2. Unlucky jewellery

Mathilde Loisel is “pretty and charming” but feels she has been bom into a family of unfavorable economic status. She was married off to a lowly clerk in the Ministry of Education, who can afford to provide her only with a modest though not uncomfortable lifestyle. Mathilde feels the burden of her poverty intensely. She regrets her lot in life and spends endless hours imagining a more extravagant existence.

While her husband expresses his pleasure at the small, modest supper she has prepared for him, she dreams of an elaborate feast served on fancy china and eaten in the company of wealthy friends. She possesses no fancy jewels or clothing, yet these are1 the only things she lives for. Without them, she feels she is not desirable. She has one wealthy friend, Madame Forestier, but refuses to visit her because ofthe heartbreak it brings her.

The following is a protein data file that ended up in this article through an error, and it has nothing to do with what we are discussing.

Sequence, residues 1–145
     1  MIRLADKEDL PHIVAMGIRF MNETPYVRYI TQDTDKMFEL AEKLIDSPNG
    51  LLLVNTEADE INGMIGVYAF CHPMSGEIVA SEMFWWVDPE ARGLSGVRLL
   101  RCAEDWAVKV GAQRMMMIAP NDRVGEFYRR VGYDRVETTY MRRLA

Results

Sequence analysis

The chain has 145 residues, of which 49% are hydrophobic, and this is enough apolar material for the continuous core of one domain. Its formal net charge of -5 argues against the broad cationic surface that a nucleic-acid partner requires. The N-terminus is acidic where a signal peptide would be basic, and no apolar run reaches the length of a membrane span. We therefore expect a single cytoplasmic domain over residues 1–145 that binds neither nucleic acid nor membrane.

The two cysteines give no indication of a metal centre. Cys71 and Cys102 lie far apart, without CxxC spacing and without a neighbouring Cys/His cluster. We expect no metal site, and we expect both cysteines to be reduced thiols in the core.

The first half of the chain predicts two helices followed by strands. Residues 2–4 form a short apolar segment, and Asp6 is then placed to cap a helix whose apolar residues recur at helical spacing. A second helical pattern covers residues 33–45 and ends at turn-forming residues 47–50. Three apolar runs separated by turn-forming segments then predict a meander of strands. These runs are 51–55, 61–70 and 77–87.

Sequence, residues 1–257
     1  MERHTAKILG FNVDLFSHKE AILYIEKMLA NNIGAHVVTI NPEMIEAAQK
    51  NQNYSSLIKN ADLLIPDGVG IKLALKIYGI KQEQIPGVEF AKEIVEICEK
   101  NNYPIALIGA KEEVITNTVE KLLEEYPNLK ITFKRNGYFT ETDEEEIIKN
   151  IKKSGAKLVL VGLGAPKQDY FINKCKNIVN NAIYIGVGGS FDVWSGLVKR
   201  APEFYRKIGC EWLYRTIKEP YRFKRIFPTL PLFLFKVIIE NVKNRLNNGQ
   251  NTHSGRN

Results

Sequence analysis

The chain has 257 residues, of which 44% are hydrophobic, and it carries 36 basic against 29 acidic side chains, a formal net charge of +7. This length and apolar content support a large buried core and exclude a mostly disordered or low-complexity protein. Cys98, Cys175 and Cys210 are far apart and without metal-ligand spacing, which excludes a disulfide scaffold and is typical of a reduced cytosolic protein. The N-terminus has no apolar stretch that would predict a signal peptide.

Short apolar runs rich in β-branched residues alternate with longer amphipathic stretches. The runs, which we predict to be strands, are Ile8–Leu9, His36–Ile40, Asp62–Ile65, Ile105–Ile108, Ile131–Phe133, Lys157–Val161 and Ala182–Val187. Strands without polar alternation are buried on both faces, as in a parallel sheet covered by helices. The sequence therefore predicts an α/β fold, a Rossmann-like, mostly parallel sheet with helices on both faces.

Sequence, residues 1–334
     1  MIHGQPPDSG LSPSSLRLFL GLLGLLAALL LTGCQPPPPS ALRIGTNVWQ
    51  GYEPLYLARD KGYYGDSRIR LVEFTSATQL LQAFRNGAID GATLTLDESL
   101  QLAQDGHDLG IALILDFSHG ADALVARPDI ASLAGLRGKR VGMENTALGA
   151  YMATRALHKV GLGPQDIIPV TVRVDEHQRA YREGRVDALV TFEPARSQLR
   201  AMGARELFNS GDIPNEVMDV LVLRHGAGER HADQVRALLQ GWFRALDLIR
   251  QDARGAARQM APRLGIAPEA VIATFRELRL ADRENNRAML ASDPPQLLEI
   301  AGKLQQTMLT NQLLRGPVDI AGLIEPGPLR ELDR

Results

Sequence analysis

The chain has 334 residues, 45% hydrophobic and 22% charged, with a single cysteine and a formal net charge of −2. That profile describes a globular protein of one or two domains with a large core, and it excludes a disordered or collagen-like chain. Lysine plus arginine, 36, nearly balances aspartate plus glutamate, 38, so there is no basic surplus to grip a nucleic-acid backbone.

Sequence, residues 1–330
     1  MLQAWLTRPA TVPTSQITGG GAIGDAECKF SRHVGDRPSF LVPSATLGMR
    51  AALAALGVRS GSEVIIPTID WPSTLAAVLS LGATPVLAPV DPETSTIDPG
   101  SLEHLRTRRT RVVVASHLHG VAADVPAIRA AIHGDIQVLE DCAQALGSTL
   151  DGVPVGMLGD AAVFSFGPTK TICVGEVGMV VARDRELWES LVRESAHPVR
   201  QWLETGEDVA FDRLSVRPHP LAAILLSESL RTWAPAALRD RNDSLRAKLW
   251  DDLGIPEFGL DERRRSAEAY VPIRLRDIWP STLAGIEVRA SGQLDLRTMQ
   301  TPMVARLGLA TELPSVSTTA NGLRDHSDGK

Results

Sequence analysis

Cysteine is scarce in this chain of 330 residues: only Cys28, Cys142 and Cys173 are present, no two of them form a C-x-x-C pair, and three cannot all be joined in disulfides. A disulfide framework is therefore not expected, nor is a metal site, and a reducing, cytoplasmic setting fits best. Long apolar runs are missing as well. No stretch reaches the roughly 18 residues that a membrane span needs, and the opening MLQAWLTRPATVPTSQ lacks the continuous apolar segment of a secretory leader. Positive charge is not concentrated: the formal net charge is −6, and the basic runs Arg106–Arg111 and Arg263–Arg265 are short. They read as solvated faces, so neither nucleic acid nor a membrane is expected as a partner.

One night, her husband returns home proudly bearing an, invitation to a formal party hosted by the Ministry of Education. He hopes that Mathilde will be thrilled with the chance to attend an evert of this sort, but sheis instantly angry and begins to cry. Through her tears, she tells him that she has nothing to wear and he ought to give the invitation to one of his friends whose wife can afford better clothing.

Her husband is upset by her reaction and asks how much a suitable dress would cost. She thinks about it carefully and tells him that 400 francs would be enough. Her husband quietly balks at the sum but agrees that she may have the money.